Spending on entertainment in 2002
December 05, 2003
Consumer spending on entertainment was up 6.5 percent in 2002, following an increase of 4.8 percent in 2001.
The increase in entertainment spending in 2002 was the second largest increase among the major components of spending; the biggest increase was in health care spending.
Households spent an average of $2,079 on entertainment in 2002, about 5 percent of total expenditures.
These data come from the Consumer Expenditure Survey. Entertainment expenditures are divided into four categories: fees and admissions; television, radios, and sound equipment; pets, toys, and playground equipment; and other entertainment supplies, equipment, and services. For more information, see news release USDL 03-759, "Consumer Expenditures in 2002" (PDF) (TXT).
Bureau of Labor Statistics, U.S. Department of Labor, The Economics Daily, Spending on entertainment in 2002 on the Internet at https://www.bls.gov/opub/ted/2003/dec/wk1/art05.htm (visited April 30, 2017).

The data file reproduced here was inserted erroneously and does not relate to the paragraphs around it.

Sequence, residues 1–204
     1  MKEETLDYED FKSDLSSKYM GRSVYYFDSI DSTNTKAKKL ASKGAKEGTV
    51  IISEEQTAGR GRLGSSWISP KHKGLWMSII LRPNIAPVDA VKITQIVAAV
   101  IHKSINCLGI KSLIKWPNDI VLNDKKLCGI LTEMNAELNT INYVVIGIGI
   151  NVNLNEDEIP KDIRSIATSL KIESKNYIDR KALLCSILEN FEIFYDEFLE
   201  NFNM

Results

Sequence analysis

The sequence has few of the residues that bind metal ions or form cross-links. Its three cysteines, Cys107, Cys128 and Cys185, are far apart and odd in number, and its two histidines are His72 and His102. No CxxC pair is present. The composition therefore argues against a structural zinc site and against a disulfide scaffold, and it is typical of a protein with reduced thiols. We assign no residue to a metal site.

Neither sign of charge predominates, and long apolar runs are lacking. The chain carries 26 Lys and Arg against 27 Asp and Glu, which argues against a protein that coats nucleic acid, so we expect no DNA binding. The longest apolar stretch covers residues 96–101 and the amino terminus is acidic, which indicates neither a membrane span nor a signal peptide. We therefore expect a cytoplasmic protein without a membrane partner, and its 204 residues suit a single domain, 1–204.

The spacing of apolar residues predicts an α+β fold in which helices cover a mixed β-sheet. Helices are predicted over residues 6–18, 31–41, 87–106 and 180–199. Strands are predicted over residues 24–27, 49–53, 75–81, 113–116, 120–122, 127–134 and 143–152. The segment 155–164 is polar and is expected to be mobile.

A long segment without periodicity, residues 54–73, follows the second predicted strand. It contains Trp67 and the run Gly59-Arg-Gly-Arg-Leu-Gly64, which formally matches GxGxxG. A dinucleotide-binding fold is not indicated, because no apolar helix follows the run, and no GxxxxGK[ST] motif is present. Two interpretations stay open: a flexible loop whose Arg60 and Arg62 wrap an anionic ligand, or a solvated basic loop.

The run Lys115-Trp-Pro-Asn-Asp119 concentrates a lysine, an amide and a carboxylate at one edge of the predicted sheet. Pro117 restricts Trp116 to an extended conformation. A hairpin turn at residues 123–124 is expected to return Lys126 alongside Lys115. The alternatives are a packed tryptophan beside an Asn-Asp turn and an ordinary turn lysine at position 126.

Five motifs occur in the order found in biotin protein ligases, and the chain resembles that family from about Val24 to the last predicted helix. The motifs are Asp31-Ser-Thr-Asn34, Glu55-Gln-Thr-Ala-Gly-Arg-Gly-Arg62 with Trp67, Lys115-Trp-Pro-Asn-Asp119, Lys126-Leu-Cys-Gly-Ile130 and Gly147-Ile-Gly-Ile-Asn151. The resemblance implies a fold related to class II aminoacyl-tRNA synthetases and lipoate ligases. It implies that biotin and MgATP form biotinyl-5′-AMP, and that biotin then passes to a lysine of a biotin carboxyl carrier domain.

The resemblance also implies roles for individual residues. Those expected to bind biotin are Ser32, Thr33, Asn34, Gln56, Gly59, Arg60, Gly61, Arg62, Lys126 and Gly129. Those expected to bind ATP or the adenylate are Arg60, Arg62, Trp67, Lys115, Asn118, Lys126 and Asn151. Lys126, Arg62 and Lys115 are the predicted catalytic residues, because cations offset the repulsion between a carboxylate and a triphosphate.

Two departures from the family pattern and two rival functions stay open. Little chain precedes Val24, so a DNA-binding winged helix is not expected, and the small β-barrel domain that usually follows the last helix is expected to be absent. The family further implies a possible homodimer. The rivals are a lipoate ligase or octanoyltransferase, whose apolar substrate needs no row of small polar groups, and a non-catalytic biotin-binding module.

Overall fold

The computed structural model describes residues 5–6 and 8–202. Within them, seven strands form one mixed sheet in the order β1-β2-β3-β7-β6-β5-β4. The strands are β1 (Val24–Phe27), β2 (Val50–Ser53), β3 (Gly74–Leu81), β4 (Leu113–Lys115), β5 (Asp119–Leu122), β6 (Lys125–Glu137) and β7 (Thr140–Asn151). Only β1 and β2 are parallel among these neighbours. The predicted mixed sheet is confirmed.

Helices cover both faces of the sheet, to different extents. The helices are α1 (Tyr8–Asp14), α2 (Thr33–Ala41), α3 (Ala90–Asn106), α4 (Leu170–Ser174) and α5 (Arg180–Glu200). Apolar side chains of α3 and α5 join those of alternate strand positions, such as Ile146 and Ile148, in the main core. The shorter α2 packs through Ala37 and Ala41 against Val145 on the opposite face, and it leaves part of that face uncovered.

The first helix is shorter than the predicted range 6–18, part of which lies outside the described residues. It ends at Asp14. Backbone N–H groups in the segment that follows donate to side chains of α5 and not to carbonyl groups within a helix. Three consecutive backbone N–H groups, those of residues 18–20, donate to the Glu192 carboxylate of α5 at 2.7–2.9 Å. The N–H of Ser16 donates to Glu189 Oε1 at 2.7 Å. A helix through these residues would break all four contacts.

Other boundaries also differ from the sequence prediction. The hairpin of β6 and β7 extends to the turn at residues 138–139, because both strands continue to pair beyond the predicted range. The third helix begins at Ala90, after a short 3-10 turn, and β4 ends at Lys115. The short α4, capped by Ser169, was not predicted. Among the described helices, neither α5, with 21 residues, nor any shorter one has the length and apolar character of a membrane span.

Recent editions of Spotlight on Statistics
STEM occupations: past, present, and future
A look at employment and wages in science, technology, engineering, and mathematics occupations.
Workplace injuries and illnesses and employer costs for workers’ compensation
Workplace injury and illness data and the costs to employers for workers’ compensation in natural resources, construction, and maintenance occupations.
A look at the future of the U.S. labor force to 2060
Projected long-term trends in the growth, size, and composition of the labor force.
Union membership in the United States
Historical trends in union membership among employed wage and salary workers; union membership by a variety of demographic characteristics.